Dale Ralph Davis. Judges: Such a Great Salvation (2000, previously published 1990).
This commentary was suggested by Alex when I recently asked him, as I frequently do, to help me decide what to study next in my quiet times (the perks of marrying a biblical scholar!). Dale Ralph Davis is a pastor-scholar who has written extensively on the Old Testament. His other commentaries in this series are Joshua (2005), I Samuel (2001), II Samuel (2007), I Kings (2007), and II Kings (2005). In the past I enjoyed Dale Ralph Davis’s commentary on I Samuel, so I began this study with high expectations.
When using a commentary for personal biblical study, I prefer to read the Bible first, then turn to the commentary with my own observations and questions ready in hand. Reading the history of the period of Israel’s Judges, there were plenty of them! All that I ever seem to be able to retain about Judges is that it is about how Israel totally forsakes the covenant with Yahweh and about how totally depraved humans are. The book is, in Davis’s words, “so earthy, so puzzling, so primitive, so violent –in a word, so strange, that the church can scarcely stomach it” (9). It can be difficult to even see God in this work, much less learn more about our great savior, Jesus Christ. Reminding us that Judges, like all Scripture, is “to be a revelation from God about God,” Davis excels at highlighting the narrator’s subtle messages and showing us how to read God between the lines and see the stage being set for the glorious entry of Jesus. (“How after chapters 19-21 . . . can you account for the fact that there is still an Israel? It can only be . . . because Yahweh’s grace is far more tenacious than his people’s depravity and insists on still holding them fast even in their sinfulness and their stupidity. Nor is he finished raising up saviors for them (Acts 13:23)!” (223).)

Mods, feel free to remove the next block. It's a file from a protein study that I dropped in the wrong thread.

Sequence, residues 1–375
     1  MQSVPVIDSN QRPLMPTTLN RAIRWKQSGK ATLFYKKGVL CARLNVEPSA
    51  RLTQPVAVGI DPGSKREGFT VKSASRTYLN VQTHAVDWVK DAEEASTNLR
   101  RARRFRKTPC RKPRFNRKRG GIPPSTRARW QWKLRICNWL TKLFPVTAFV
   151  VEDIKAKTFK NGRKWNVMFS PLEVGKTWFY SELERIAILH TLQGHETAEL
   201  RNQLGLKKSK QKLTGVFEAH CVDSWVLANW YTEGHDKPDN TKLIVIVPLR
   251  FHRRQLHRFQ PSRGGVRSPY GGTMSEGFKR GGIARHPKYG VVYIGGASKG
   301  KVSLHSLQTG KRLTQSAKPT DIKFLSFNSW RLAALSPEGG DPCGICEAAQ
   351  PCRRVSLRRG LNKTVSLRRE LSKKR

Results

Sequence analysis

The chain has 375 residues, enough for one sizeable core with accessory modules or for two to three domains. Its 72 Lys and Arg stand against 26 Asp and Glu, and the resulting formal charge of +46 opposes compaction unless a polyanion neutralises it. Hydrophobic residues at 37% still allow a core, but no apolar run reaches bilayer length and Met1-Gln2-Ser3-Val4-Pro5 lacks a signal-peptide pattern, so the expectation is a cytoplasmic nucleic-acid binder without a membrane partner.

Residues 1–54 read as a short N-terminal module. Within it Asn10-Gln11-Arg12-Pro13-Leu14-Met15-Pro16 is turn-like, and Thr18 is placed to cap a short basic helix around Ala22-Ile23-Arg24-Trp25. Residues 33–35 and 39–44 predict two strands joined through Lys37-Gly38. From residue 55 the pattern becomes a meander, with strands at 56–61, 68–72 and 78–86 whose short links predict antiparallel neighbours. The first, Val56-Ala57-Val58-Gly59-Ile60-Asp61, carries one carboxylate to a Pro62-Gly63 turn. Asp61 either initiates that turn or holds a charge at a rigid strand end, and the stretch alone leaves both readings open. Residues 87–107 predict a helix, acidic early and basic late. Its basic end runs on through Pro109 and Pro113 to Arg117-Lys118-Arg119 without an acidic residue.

Davis adroitly handles the challenges of writing about Judges. He neither sugar-coats its unpalatable and tragic aspects nor minimizes its interpretive difficulties. See “That all Scripture is profitable does not mean its interpretation is simple (196)” and “I propose that careful observation of the way in which the biblical writer tells his story provides us with clear clues about his intention . . .” (197).
As a scholar Davis is both thorough and broad in scope, citing countless books and articles in several languages. He navigates interpretive differences of opinion, laying out both the scholarly consensus and secondary interpretive ideas while clearly defending his own (mainly consensus) views. His breadth of knowledge is intriguing: he brings a literary appreciation (including references to Dr. Leland Ryken’s excellent The Literature of the Bible (179 and other places) and draws historical parallels (Abraham Lincoln and Adolf Hitler both make appearances).
A real strength of Davis’s commentaries is their wide accessibility. His use of anecdotes, illustrations, literary comparison, and humor (“You never know when you might need a good millstone!” (124)) make it readable and his rich content is delivered without being either intimidating or oversimplified.
For me, Davis’s particular genius lies in application. This commentary is preachable. He has succeeded in writing a practical, useful sort of work, not so typical for a scholar! Your average, nonscholarly, young mother of three will find plenty of application in every chapter of Judges with his assistance.